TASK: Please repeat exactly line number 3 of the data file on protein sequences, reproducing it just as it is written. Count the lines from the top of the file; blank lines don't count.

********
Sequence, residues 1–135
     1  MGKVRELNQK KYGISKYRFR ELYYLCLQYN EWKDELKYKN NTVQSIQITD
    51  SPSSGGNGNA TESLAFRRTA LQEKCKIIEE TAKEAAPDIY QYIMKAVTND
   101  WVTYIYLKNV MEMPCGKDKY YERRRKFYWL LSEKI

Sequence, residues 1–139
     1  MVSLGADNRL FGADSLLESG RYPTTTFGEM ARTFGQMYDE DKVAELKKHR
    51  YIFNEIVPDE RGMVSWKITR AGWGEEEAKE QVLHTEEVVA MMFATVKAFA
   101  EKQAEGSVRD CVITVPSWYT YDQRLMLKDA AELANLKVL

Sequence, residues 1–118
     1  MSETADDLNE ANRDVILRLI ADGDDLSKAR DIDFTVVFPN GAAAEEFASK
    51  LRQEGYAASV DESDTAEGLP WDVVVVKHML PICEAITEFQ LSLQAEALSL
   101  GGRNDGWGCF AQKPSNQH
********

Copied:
    51  SPSSGGNGNA TESLAFRRTA LQEKCKIIEE TAKEAAPDIY QYIMKAVTND